Organized Panel Session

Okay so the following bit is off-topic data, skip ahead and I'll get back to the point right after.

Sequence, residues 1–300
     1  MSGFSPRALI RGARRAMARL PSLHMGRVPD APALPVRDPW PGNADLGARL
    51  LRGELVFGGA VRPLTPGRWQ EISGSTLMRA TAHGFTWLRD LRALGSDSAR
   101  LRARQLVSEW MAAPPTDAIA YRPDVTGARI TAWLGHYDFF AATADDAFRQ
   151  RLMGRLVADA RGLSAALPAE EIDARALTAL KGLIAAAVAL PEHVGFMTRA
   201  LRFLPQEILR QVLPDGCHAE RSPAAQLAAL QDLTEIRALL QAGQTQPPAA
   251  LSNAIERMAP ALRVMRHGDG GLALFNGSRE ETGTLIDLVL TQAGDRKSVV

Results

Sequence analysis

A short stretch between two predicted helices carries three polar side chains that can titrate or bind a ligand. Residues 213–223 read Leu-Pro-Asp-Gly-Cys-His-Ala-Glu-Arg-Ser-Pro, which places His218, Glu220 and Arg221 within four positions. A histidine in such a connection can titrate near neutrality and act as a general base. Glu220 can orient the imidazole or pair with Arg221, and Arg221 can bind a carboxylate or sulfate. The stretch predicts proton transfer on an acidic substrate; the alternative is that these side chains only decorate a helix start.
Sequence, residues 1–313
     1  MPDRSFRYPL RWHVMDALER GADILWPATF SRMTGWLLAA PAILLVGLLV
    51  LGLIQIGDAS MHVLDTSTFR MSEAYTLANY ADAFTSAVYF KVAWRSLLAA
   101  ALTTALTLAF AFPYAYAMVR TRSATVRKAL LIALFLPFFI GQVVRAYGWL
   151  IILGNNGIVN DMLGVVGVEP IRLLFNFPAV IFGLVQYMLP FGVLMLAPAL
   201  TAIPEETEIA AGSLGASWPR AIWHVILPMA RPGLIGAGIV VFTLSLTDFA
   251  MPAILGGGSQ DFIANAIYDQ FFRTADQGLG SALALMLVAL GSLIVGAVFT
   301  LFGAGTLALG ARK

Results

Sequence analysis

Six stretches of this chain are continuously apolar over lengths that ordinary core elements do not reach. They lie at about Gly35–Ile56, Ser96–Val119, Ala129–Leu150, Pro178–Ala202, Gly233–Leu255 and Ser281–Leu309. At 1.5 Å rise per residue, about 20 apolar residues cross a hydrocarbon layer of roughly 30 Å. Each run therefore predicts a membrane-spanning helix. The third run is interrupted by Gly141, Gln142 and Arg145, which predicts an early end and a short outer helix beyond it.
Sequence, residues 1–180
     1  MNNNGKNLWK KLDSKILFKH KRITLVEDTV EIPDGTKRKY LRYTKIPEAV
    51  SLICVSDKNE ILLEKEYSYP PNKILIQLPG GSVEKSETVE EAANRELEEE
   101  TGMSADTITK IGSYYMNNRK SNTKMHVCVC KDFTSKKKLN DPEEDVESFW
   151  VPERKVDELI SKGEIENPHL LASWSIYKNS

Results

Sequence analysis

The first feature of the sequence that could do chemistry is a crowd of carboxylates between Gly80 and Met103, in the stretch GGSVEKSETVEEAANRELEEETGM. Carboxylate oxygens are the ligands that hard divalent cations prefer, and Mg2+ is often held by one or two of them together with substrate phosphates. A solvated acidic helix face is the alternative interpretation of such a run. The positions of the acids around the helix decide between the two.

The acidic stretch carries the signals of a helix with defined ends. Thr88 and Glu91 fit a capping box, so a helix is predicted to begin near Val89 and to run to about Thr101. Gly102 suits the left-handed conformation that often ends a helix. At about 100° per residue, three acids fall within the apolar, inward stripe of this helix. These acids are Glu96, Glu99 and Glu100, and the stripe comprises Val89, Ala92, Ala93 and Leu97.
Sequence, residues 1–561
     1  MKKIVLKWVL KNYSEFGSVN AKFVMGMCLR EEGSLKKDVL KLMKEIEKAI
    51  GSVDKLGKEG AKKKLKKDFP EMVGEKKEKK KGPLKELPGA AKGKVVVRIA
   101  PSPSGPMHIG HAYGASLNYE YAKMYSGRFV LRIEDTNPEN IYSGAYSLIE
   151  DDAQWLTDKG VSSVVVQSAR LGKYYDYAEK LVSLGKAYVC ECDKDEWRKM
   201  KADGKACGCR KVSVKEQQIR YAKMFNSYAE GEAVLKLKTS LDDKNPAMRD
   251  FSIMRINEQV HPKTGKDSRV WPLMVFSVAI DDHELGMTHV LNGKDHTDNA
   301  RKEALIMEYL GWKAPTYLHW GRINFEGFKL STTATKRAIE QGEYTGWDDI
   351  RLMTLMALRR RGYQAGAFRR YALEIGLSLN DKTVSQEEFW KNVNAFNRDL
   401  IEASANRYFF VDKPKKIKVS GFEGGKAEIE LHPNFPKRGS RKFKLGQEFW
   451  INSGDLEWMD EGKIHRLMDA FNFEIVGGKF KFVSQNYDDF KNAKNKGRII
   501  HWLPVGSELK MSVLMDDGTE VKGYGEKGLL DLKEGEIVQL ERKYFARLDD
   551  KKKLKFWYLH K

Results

The education of Korea’s youth assumed high priority in post-liberation North Korea. Schools were to be the breeding grounds—with textbooks and supplementary reading materials as the facilitators—of a new kind of human: literate and intimately familiar with Korea’s rich pre-colonial historical and literary past; highly skilled in the valuable disciplines of natural science and technology; and, most importantly, readily positioned to apply practical learning toward the benefit of North Korea’s new society. To this end, moral education—once a central pillar in colonial education—was refashioned and mobilized for North Korea’s particular political and social reforms. Moral education was central to political treatises, and was important also for science education. Moral education was also invoked as an antidote to organized religion and spiritual faith. An examination of post-liberation reading materials for youth demonstrates how North Korean socialist morality was rendered as separate from, and as a response to, religious education. At the same time, science took the place of religion as a holistic system that would provide answers to questions about how to live well and how to be good in the world. This paper, then, suggests that it is productive to consider how, during North Korea’s nascent nation-building period, science and scientific inquiry, with its ensuing methods of observation, exploration, imagination, and deduction, was a compelling system of thought that helped organize the way people related to one another and to the world.